In the early 2000s, you couldn’t do much with photos other than correct red eyes with a special pen.
Smartphones now provide access to a plethora of filters and editing tools that allow you to retouch selfies and create pretty much any revision of yourself you can imagine.
Filtering your selfies isn’t always harmful. Often, it’s just a game, like dressing up or trying out a new makeup look. However, constant exposure to heavily filtered selfies can create a disconnect from reality.
Viewing only photos where people have erased their perceived flaws can make it difficult to remember that everyone has flaws.
As research increasingly links heavily filtered selfies to increased body dissatisfaction, a new term to describe this phenomenon has emerged: Snapchat dysmorphia.
To put it simply, Snapchat dysmorphia occurs when you compare filtered selfies to your actual appearance.
When you focus on your perceived flaws, feelings of dissatisfaction and unhappiness may surface, leading you to wish you could change your features to match those filtered images.
Because Snapchat dysmorphia is not a recognized mental health diagnosis, experts have yet to establish a standard definition, criteria, or symptoms.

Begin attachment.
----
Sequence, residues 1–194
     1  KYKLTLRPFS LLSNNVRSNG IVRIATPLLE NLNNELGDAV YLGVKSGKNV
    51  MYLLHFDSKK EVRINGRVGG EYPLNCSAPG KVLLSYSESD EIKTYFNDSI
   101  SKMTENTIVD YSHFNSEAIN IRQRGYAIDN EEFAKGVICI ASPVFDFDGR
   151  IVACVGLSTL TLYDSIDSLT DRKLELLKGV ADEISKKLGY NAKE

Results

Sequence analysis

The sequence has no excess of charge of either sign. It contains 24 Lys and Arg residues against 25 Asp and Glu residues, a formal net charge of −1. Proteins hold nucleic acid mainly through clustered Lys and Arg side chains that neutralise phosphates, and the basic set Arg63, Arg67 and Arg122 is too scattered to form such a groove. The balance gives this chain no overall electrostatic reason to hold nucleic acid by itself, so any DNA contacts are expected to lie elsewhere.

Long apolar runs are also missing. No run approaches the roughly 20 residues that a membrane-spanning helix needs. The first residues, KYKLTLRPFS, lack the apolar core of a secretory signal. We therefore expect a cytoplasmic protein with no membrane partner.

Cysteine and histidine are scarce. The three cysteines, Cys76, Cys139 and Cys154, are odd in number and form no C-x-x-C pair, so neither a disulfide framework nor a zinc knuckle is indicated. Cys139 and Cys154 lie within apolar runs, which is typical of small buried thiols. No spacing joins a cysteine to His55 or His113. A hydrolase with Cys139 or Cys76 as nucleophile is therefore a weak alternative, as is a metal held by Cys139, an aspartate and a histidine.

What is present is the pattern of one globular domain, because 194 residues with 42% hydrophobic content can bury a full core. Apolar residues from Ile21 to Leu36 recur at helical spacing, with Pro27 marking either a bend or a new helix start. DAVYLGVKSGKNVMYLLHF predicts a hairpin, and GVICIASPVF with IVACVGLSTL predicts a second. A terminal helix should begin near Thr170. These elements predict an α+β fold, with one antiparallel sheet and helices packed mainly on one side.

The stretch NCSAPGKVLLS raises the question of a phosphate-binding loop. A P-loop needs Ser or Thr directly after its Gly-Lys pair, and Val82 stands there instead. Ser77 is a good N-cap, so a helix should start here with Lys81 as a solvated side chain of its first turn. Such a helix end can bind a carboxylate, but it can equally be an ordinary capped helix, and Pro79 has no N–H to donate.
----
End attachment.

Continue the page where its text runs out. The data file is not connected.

Maybe you’ve tried filtering your selfies on apps like Snapchat and Instagram, removing pimples, brightening your hair or complexion, trimming your nose, or adding muscle definition.
This alone does not imply Snapchat dysmorphia. There’s also nothing wrong with wanting to change something about your appearance with a cosmetic procedure.
Here are a few indicators that your selfie-filtering habit should be scrutinized:
- You become obsessed with how you appear in selfies to the point where the real you no longer measure up.
- You become preoccupied with “flaws” that no one else notices, such as the shape of your brows or the size of your forehead.
- You devote a significant amount of time to taking and retaking selfies, as well as filtering and editing them to perfection.
- You frequently go back through old selfies to look for flaws or imperfections.
- Making comparisons between yourself and others causes you to be dissatisfied with your appearance.
- You desire to alter your appearance because you believe you “ought” to look a certain way.
- You frequently spend more time than you intended taking selfies or editing them.
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